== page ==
The World Without Us
Dr. James Emery WhiteDr. James Emery White's weblog
- 2007 Oct 04
One of the most intriguing books of the year is Alan Weisman’s The World Without Us. In what the New York Times called a “morbidly fascinating non-fiction eco-thriller,” Weisman explores humanity’s impact on the planet by asking us to envision our earth without us. As the flyleaf to the book details, “Weisman explains how our massive infrastructure would collapse and finally vanish without human presence…how, just days after humans disappear, floods in New York’s subways would start eroding the city’s foundations, and how, as the world’s cities crumble, asphalt jungles would give way to real ones. It describes the distinct ways that organic and chemically treated farms would revert to wild, how billions more birds would flourish, and how cockroaches in unheated cities would perish without us.”
No time for the book?
Just watch the media. In under ten minutes, you can watch all three, and gain the heart of the book’s contention.
The animated “Earth without Humans” from the Scientific American:
Animation of a 500-year tour of your house:
A 15,000 year tour of Manhattan:
The book, and the subsequent conversation that has ensued, prompts a powerful and provocative question for those of us who follow Christ: If all Christian influence were withdrawn from the world tomorrow, how long would it be before the world knew it? What would the results of that withdraw be?
It should be dramatic. Indeed, the spiritual impact of the removal of Christians should be far more telling than the ecological impact of the entire human race from the face of the planet. At least, if we are to take the metaphor Jesus Himself suggests in the Sermon on the Mount:
“You are the salt of the earth.” (Matthew 5:13a, NIV).
In Jesus' day, salt was one of the most useful and important elements you could possess, but not for adding flavor to food. The main use of salt was as a preservative to keep food from spoiling. Without refrigerators or freezers, canned goods or packaging, salt was used to keep food from spoiling. So if you had a piece of meat that you couldn’t eat right away, you would take some salt and rub it into the meat, which would prevent the meat from going bad.
As John Stott writes,The notion is not that the world is tasteless and that Christians can make it less insipid…but that it is putrefying. It cannot stop itself from going bad. Only salt introduced from outside can do this. The church…is set in the world…as salt to arrest – or at least to hinder – the process of social decay…God intends the most powerful of all restraints within sinful society to be his own redeemed, regenerate and righteous people.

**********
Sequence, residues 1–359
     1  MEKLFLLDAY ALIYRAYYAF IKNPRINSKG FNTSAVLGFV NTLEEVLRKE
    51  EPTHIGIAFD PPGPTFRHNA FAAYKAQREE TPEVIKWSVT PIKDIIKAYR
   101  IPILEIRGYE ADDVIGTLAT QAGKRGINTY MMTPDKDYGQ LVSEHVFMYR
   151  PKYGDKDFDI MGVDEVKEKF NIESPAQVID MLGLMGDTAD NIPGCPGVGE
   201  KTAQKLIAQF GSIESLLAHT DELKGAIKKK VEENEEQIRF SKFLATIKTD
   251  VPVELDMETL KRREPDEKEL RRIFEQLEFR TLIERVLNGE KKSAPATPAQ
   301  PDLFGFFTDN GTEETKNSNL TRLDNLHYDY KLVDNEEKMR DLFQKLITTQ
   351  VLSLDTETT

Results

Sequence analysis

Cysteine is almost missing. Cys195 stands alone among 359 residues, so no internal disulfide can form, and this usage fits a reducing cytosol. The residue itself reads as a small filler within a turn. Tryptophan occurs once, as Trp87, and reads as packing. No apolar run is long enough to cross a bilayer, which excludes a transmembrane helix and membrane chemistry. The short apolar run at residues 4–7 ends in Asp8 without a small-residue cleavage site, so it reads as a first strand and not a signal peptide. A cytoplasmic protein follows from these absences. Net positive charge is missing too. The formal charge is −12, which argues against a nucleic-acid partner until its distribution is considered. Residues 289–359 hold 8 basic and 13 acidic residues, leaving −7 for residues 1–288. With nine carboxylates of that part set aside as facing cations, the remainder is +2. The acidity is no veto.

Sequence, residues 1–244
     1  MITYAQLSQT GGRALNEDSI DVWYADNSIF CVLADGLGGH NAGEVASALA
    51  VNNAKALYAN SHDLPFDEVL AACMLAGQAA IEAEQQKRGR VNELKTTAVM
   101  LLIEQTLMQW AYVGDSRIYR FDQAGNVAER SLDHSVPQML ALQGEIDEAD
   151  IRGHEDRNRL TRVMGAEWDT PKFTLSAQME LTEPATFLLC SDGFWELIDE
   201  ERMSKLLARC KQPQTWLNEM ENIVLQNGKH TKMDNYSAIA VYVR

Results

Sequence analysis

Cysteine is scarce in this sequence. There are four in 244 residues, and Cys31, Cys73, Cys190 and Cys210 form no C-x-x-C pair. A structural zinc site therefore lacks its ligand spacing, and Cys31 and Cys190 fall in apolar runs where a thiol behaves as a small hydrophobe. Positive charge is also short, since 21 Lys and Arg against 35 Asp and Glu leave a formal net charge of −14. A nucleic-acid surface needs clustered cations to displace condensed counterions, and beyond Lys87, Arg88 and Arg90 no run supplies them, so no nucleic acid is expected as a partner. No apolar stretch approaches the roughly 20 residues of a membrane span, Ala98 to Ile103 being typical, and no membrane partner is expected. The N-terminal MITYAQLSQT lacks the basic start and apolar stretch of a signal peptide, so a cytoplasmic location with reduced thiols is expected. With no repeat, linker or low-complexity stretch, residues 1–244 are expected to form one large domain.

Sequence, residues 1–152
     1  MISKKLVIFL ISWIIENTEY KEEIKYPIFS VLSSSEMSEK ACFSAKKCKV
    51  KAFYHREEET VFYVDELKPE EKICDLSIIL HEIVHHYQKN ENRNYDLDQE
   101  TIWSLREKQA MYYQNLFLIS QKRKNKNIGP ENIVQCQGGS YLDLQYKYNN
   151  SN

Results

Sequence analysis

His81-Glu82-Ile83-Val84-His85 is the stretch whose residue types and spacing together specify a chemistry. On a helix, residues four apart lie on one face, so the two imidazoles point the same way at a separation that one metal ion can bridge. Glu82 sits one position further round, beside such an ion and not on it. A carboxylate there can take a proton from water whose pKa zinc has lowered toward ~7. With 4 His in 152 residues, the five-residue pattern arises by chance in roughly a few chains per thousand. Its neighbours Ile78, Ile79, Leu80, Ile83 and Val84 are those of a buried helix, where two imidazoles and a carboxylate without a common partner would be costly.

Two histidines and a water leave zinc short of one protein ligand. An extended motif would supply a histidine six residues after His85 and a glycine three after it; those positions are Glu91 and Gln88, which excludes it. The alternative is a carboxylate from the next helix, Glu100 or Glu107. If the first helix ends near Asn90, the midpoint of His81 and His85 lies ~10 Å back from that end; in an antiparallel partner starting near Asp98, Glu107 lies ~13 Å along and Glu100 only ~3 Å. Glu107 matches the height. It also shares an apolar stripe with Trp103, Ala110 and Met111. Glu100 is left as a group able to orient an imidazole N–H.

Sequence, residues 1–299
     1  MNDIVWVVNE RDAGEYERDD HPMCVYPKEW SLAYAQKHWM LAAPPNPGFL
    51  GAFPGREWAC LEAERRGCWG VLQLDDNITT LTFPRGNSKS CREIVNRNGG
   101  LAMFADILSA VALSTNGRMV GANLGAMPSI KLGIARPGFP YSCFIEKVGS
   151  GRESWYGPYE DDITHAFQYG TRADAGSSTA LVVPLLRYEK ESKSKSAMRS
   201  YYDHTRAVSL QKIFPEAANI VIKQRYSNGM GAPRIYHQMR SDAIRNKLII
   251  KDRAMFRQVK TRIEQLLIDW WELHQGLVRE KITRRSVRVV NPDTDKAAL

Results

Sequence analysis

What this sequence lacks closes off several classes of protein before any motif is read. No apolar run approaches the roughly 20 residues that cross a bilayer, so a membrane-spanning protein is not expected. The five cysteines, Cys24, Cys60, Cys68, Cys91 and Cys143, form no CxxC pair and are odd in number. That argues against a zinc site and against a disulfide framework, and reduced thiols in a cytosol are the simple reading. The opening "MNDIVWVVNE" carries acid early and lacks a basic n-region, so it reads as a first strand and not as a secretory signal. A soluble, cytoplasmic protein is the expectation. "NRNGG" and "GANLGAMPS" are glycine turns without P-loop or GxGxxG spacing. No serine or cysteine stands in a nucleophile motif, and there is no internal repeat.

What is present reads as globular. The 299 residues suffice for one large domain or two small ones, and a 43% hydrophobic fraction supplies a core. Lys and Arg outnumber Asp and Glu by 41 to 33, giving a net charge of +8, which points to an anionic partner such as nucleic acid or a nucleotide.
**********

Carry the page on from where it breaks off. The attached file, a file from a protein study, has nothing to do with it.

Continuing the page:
Stott, however, continues by noting the obvious – namely, that this is conditional. Meaning that for salt to be effective, it must retain its ‘saltness.’ As Stott writes, “For effectiveness the Christian must retain his Christlikeness, as salt must retain its saltness…The influence of Christians in and on society depends on their being distinct, not identical.” Even further, this difference must be applied to what is, in fact, decaying. Unless the salt penetrates the culture, the decay can not be arrested.
Which raises another, perhaps even more penetrating, question which I once recall reading, but cannot recall the source: “If the Holy Spirit were to withdraw Himself from your life tomorrow, how long would it be before you recognized it?” So thanks to Weisman for asking what would happen to the world without us. It serves to challenge those of us who follow Christ in ways Weisman never intended.
James Emery White
Alan Weisman, The World Without Us (New York: Thomas Dunne Books/St. Martin’s Press, 2007).
“Starting Over: What would happen if earth’s most invasive species – humans – were wiped out?”, Jennifer Schuessler, The New York Times Book Review, Sunday, September 2, 2007, p. 12.
For media and animated videos, see www.worldwithoutus.com, and from the Scientific American, see www.sciam.com.
John R.W. Stott, Christian Counter-Culture: The Message of the Sermon on the Mount (Downers Grove: InterVarsity Press, 1978), pp. 57-60.